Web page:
Bezos requested for greater taxes regardless of Amazon lobbying to maintain costs down, the report mentioned

Scott Shellady, Rebecca Walser on Amazon’s next CEO

Jeff Bezos, the richest man in the world, publicly backed President Biden’s plan to dramatically increase taxes for wealthy Americans and corporations, despite Amazon’s behind-the-scenes work to preserve a tax loophole that a new report says makes it possible reduce his liability.

The founder and CEO of the e-commerce giant announced in April that he supported Biden’s proposal to increase the corporate tax rate from 21% to 28% to fund a major infrastructure overhaul – a notable statement after President Bezos voted for it had revealed how little Amazon pays federal taxes.


“We understand that this investment requires concessions on all sides – both in terms of the details of the benefits included and the way they are paid for (we support a corporate tax increase),” Bezos wrote in one Statement that was published on the company’s website. “We look forward to Congress and the government coming together to find the right, balanced solution that will maintain or improve US competitiveness.”

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But privately, Amazon has taken steps to keep its tax bill down, according to a new report released Thursday by Politico highlighting the difficulties Biden may face to ensure the tax measure becomes law.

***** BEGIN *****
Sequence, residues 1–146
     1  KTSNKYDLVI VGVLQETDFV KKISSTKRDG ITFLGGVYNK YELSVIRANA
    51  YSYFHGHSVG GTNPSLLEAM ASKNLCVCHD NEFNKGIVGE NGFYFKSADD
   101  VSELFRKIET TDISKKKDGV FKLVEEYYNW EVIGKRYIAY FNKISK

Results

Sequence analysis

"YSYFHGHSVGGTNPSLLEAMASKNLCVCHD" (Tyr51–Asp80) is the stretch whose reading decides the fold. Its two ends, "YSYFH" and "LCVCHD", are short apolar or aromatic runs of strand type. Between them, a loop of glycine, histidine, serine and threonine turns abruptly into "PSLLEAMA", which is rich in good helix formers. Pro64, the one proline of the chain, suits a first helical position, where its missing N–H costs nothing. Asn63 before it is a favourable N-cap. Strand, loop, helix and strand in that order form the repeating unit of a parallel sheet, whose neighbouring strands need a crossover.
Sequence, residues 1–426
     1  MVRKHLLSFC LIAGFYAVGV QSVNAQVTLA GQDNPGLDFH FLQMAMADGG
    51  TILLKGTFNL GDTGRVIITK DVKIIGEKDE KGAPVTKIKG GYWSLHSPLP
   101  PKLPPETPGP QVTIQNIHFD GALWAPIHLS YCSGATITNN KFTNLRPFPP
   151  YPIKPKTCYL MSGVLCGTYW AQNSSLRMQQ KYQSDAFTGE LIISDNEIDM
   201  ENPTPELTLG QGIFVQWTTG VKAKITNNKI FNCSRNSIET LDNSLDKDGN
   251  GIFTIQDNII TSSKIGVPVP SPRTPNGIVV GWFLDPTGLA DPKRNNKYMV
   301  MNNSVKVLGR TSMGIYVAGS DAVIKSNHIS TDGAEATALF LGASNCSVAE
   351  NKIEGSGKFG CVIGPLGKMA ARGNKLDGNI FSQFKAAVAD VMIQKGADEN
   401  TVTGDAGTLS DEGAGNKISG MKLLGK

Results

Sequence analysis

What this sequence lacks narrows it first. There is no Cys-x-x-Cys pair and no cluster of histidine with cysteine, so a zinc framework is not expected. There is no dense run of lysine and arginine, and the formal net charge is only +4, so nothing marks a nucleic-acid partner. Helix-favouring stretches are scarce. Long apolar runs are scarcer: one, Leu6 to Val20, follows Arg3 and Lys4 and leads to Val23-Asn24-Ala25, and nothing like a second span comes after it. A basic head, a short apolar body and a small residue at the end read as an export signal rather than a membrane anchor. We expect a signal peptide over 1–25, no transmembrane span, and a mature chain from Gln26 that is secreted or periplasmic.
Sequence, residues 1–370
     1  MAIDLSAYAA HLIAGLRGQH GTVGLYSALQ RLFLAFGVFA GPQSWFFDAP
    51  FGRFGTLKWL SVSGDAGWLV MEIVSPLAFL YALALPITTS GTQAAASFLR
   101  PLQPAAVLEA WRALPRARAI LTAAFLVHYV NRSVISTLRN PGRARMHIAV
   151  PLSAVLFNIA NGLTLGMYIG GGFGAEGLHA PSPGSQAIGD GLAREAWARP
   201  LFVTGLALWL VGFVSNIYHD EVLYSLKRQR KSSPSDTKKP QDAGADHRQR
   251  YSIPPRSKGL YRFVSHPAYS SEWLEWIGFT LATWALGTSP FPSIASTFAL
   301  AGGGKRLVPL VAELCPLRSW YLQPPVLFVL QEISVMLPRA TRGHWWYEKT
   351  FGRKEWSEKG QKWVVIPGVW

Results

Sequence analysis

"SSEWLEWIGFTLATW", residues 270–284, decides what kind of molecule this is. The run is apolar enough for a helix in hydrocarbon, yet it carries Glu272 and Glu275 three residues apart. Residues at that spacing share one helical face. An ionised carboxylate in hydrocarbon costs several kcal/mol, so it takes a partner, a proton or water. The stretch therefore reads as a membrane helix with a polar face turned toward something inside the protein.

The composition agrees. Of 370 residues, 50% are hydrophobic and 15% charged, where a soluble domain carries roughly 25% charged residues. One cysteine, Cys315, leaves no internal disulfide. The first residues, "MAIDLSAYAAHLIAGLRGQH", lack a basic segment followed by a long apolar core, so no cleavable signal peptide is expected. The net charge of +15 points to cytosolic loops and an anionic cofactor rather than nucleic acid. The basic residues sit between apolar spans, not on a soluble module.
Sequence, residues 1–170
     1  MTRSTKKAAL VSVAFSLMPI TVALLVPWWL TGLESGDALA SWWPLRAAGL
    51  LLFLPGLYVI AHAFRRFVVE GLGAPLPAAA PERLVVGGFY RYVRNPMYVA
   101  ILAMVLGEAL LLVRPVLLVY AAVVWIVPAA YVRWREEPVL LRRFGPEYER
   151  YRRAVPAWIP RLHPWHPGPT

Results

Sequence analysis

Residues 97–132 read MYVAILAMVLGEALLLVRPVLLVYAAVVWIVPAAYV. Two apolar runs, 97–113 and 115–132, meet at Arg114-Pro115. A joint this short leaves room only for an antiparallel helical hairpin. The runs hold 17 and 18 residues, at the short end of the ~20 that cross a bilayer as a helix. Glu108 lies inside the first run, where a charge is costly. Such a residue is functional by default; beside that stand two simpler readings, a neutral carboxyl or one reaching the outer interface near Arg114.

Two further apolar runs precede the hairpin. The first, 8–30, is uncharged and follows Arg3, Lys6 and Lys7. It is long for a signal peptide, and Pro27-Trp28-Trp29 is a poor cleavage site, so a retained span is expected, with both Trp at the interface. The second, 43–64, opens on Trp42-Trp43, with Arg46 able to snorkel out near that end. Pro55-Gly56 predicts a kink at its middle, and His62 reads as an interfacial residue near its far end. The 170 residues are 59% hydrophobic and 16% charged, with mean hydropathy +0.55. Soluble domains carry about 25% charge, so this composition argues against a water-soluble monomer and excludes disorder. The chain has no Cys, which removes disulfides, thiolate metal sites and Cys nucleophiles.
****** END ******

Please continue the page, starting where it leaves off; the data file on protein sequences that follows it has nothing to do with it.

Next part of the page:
In June, Amazon hired tax lobbyist Joshua Odintz, a former Democratic congressman and alumnus of the Obama administration, to lobby for the section of tax law that deals with deducting research and development taxes, the outlet quoted as saying Disclosure Statement.


And the R&D coalition – a coalition of companies that will benefit from the withdrawal including Amazon, Intel, the National Association of Manufacturers, and others – hired a number of seasoned tax lobbyists at PricewaterhouseCoopers earlier this year, Politico reported. Among those hired is a former senior advisor to the Senate minority leader, Mitch McConnell.

According to the current guideline, companies can account for research and development costs in full as an expense, meaning they can deduct R&D costs from their taxable income, according to the tax foundation. The R&D tax credit, first introduced in 1981, has enjoyed widespread bipartisan support among lawmakers.

It’s unclear how much money Amazon saved on the research and development tax credit, but in a regulatory filing with the Securities and Exchange Commission earlier this year, the company said the tax credits helped reduce its US tax burden, ” primarily related to US federal research and development credit. ”

Of course, Amazon benefits from other tax laws, including one that allows it to deduct the cost of the stock it gives its employees as part of their salary packages.


Biden hasn’t targeted the R&D tax credit as part of his roughly $ 4 trillion spending plan. However, Politico reported that if Congress fails to act, the loan could depreciate in value over the next year, as the 2017 Republican Tax Act included a provision that would prevent companies from immediately deducting the full amount of R&D spending in 2022 .

Instead, companies would have to withdraw some of it every year for the next five years.

The Tax Foundation estimates that repealing the changes would cost about $ 131 billion in a decade, but would increase GDP by 0.1%.